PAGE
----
• It casts out a lifeline: After telling readers that, if they want to realise their dream of a little patch of earth to call their own, they need to be armed with as much information as possible, reassurance is offered in the form of the very post they’ve landed on: We explain what new buyers need to know – simple, instant relief.

This formula seems to be a running theme in the mortgage guide world:

“Taking out a mortgage is likely to be the biggest financial commitment you’ll ever make, so it’s vital you find the best deal you can. There’s plenty you can do to improve your chances of getting your mortgage application accepted – follow our top 10 tips to ensure you get the mortgage you want.”


  • It recognises intent: In a similar style to the previous example, this intro makes it clear that it’s aware of the context of the situation by acknowledging how the reader is probably feeling about the biggest financial commitment you’ll ever make.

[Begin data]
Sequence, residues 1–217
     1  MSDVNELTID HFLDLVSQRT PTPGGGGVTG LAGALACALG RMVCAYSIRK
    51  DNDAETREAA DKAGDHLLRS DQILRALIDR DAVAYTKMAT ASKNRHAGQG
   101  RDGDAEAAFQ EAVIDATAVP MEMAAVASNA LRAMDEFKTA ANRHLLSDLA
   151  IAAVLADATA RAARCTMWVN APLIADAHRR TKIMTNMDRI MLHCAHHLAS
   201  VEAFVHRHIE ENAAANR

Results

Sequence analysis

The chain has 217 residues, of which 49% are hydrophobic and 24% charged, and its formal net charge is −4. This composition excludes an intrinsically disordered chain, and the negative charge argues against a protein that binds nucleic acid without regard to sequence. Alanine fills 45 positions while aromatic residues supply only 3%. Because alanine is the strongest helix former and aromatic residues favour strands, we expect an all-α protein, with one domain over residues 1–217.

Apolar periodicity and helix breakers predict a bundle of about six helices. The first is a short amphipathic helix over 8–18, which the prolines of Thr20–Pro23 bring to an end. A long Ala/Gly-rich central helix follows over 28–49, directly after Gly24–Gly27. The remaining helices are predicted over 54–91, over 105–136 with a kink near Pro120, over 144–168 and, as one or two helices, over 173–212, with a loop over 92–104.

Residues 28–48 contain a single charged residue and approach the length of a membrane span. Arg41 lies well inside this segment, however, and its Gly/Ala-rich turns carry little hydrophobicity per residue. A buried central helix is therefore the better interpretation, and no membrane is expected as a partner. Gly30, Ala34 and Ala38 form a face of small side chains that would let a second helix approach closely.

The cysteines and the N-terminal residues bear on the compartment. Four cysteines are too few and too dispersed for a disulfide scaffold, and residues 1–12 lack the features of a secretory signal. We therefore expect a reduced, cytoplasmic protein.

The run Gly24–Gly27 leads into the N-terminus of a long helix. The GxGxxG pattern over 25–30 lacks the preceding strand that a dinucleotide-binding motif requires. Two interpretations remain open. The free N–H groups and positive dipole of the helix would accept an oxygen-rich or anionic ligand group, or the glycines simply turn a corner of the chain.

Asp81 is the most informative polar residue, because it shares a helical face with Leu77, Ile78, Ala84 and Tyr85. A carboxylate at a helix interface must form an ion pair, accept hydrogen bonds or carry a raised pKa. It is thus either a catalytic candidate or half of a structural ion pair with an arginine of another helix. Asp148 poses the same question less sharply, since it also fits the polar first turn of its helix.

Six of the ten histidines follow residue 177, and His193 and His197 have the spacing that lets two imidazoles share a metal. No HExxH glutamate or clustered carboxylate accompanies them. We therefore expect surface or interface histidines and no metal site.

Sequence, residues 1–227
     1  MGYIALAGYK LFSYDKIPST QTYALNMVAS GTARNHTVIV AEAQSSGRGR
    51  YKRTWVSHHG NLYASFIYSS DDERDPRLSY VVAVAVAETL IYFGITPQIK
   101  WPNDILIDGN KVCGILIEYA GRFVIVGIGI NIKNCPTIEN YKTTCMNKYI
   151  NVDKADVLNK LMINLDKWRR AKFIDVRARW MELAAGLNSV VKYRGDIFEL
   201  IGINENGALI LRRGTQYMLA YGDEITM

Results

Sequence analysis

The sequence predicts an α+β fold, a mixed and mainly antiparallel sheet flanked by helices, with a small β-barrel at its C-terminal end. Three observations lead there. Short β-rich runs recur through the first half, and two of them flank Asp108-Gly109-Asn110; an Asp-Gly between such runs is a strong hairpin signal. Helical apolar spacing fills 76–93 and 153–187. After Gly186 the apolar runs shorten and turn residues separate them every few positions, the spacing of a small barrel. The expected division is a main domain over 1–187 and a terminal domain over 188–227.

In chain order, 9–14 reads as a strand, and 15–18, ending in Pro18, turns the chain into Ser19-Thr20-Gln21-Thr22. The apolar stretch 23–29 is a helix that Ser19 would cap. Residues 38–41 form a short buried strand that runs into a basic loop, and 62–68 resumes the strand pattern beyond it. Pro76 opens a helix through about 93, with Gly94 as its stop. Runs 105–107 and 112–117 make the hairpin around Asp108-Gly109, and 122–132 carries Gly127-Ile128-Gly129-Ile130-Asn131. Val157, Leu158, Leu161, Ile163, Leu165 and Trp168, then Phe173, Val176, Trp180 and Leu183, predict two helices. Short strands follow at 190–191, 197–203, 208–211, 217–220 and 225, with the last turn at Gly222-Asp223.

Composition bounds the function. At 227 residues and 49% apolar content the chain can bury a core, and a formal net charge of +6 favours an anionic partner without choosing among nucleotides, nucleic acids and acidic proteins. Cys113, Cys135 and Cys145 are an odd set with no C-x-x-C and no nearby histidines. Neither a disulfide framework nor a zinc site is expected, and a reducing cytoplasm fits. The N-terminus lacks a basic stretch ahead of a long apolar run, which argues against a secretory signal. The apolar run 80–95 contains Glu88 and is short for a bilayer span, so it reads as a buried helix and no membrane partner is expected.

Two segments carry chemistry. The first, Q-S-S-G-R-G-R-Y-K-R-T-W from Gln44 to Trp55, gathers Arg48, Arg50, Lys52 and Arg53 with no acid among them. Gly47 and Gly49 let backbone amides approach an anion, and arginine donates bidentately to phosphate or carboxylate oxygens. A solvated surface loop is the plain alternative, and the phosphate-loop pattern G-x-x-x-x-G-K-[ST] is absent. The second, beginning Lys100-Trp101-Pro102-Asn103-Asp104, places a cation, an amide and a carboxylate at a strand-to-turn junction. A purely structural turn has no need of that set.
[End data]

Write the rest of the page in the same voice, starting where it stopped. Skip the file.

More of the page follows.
• It offers a specific solution: After establishing an awareness of the reader’s intentions, it quickly explains how sticking around to learn more from this very post will fulfil their needs. With the added promise of being short and digestible (reflected in the tone of the intro itself), the reader knows exactly what to expect, and that there’s a good chance they’ll learn what they need to know, if they read on.